And store their ashes in their faithful usn ; Why should I try her nunerous sons to name, But all on one great principle agree, Bv verse, law, eloquence, consign'd to fame ; To give a fancy'd immortality. Or who have forc d fair Science into sight, Wir should I mention those, whose nozy soil Long lost in darkness and afraid of lighi: Is render a fertile luy the o'erilowing Nile? O'er all-superior, like the solar

Their dead they bury not, nor burn with fires,
First Bacon usher'd in the dawning day, No graves. they dig, erect no fun’ral pires ;
And drove the mists of sophistry away ; But, washing, first thi' en bowell boily clcail,
Pervaded nature with amazing force, Gums, spice, and melted pitch they pour within;
Following experience still throughout his course; Than with strong fillets bind it mund and round,
And finishing at length his destin'd way, [day. To make cach flaccid part compact and sound;
To Newton he bequeath'd the radiant lamp of And lastly paint the varnish'd surface o'er
Illustrious souls! if

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With these same features which in life it wore:
Affect angelic breasts for Man's affairs ; So strong their presage of a future state,
If in your present happy heav'nly state, And that our nobler part survives the body's fate.
You're not regardless quite of Britain's fate, Nations bebold, remote from Reason's beanis,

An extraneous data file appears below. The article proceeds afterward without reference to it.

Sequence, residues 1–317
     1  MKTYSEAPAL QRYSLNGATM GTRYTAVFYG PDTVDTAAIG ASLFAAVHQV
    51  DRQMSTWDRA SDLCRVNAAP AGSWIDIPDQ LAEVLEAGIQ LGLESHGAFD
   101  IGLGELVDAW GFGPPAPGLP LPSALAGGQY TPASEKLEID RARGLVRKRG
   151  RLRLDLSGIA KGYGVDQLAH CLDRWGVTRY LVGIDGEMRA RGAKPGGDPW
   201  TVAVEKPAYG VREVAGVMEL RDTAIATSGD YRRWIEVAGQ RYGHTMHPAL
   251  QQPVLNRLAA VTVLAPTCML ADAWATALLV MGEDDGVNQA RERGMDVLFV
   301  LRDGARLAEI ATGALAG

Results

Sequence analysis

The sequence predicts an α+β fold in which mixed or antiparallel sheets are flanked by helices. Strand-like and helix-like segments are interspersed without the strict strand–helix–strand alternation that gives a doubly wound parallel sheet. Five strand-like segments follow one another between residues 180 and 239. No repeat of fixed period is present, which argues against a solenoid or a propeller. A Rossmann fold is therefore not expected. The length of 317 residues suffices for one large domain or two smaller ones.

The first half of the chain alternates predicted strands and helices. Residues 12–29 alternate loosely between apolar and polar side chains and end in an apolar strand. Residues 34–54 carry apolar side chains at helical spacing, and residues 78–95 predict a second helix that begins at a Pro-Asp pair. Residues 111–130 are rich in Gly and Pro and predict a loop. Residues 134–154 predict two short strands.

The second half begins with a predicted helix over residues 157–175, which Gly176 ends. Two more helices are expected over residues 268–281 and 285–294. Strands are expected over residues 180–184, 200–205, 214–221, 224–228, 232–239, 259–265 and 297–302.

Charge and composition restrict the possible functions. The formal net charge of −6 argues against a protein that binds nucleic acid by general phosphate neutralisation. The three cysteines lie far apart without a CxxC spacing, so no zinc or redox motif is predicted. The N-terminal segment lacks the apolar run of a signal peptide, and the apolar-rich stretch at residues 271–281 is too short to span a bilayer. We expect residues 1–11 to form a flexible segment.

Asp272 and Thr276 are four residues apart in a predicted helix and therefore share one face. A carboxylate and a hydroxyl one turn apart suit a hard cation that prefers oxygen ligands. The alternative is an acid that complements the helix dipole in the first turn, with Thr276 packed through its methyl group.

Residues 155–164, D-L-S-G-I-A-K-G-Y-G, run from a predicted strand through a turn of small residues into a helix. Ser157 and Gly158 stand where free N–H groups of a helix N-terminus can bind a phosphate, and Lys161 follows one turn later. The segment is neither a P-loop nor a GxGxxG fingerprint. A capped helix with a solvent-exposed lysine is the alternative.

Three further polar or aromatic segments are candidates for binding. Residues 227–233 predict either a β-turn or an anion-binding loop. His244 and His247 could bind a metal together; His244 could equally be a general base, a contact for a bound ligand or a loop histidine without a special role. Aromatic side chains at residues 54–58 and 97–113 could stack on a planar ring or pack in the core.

Let this degenerate land again be blest Where ):silian Ganges rolls his sandy streams,
Witli that true vigor which she once possess d; of life impatient rush into the fire,
Compcl us to unfold her slunnb'ring eyes, And willing victims to their gous expire!
And to her antient dignity to rise.,

Persuaded the loosd soul to revions llics, Such wond'rous pow'rs as these must sure be giv'n Blest with eternal spring, and cloudless skies.. For most important purposes by Heav'n; Nor is less fam'd'the oriental wife Who bids these stars as bright cxainples shine, For stedfast virtue and contempt of life: Besprinkled thinly by the hand divine, These heroines mourn not with lond female eries To form to virtue cach degenerate time, Their hushands lost, or with o'crflowing eyes; And point out to the soul its origin sublime. But, strange to tell! their funeral piles ascend, That there's a self which after death shall live, And in the same sad Aames their sorrows.end; All are conceru'd about, and all believe; In hopes with them beneath the shades to rore, That something 's ours,when we from life depart, And Hivere renew their interrupted love. This all conceire, all feel it at the heart; in climes where Boreas breaihes ciernal cold, The wise of learn d antiquity proclaim See num'rous nations, warlike, fierce, and bold, This truth, the public voice declares the same; To battle all unanimously run, No land so rude but looks beyond the tomb Nor fire, nor sword, nor instant death they For future prospects in a world to come.